Columbia University adopted cap and gown early in its history and embraced them earnestly. Its second president made gowns mandatory on campus every day, a practice that lasted until the American Revolution in 1776. They were still worn to commencements through most of the nineteenth century, their popularity ebbing and flowing, until Columbia established its own rules for academic dress in 1887, which included a scarlet gown for doctors on ceremonial occasions. It was the second coloured gown in use within the Ivy League, after Pennsylvania. Several years later, Columbia’s president hosted the meetings that led to the modern Code. The university adhered to it for sixty-eight years, longer than many of its Ivy League peers, although it tried three times to depart from it only to have each scheme defeated. Its current academic dress, which provides for gowns in a shade of medium blue for all degrees, can trace its history to the days when it was King’s College in the British province of New York. [Excerpt].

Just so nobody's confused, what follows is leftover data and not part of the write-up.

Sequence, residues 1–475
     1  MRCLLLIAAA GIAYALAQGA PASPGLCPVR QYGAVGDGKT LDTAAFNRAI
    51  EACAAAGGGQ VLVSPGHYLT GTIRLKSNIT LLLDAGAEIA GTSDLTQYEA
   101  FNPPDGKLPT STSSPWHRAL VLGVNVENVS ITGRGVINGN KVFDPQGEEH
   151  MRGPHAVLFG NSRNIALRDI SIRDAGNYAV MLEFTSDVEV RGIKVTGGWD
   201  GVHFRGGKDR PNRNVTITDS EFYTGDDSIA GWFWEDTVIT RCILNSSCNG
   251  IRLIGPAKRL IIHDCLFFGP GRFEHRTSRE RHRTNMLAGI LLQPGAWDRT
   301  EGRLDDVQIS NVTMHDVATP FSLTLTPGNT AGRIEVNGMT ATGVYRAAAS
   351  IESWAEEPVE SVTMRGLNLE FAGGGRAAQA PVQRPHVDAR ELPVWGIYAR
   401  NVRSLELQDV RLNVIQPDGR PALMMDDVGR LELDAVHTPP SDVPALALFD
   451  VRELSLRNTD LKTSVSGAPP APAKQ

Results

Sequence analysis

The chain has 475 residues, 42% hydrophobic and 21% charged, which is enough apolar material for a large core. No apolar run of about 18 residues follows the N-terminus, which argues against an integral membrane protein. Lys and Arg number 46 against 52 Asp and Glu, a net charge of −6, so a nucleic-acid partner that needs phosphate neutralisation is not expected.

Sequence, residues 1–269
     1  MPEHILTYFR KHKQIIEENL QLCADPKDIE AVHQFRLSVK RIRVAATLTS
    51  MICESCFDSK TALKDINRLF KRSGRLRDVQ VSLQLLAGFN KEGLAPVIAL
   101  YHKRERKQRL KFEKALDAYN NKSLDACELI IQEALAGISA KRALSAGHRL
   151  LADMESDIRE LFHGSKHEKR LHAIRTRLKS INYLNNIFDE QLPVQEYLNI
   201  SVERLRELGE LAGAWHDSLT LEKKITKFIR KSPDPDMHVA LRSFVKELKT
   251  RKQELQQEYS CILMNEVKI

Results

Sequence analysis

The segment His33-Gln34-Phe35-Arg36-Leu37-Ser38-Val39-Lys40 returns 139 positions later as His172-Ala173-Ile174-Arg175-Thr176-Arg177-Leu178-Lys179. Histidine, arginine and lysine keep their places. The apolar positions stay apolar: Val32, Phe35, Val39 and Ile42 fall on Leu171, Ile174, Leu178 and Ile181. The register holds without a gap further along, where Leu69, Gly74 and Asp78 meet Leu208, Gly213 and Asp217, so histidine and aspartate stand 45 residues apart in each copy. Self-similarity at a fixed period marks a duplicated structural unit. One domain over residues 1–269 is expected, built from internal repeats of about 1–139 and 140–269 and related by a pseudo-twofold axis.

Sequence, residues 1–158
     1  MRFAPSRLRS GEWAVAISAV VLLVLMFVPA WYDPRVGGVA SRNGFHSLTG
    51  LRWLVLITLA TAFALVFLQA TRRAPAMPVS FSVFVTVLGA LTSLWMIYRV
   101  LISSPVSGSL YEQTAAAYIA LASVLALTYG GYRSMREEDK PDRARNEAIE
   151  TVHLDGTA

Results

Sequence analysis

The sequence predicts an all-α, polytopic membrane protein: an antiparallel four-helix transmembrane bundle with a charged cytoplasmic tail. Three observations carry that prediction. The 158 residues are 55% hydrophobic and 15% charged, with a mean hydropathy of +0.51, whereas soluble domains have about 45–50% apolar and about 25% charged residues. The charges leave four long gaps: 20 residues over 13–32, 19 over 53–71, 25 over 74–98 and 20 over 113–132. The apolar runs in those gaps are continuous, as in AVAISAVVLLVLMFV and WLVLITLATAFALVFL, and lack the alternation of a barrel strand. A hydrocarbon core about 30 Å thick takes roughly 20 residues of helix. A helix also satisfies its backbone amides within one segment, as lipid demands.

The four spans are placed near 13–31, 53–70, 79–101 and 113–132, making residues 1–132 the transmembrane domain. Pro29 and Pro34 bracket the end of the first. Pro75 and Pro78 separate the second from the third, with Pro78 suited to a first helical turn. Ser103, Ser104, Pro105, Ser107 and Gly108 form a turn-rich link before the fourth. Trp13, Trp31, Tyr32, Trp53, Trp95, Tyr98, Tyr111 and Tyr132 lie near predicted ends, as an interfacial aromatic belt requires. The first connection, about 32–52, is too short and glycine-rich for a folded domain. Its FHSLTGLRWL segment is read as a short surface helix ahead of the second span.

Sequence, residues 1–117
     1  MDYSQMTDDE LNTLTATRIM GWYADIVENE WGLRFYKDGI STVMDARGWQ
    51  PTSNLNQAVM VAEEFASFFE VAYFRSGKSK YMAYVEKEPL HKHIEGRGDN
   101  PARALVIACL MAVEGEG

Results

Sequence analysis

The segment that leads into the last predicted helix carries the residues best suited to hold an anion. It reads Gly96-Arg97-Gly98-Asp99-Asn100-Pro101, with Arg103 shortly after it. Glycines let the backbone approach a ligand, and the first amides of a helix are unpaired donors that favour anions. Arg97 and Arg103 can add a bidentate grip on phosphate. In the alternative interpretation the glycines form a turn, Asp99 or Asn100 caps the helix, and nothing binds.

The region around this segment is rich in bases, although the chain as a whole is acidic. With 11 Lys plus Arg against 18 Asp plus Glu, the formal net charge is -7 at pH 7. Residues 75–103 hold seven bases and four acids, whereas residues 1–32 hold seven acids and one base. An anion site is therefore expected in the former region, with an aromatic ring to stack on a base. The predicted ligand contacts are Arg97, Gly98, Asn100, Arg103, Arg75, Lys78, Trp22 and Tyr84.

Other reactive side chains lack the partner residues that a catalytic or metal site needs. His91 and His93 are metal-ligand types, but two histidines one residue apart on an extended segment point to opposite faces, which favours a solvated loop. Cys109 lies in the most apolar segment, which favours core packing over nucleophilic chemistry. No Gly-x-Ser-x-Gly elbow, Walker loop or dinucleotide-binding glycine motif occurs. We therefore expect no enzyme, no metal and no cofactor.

Wolgast, Stephen L.
"King’s Crowns: The History of Academic Dress at King’s College and Columbia University,"
Transactions of the Burgon Society:
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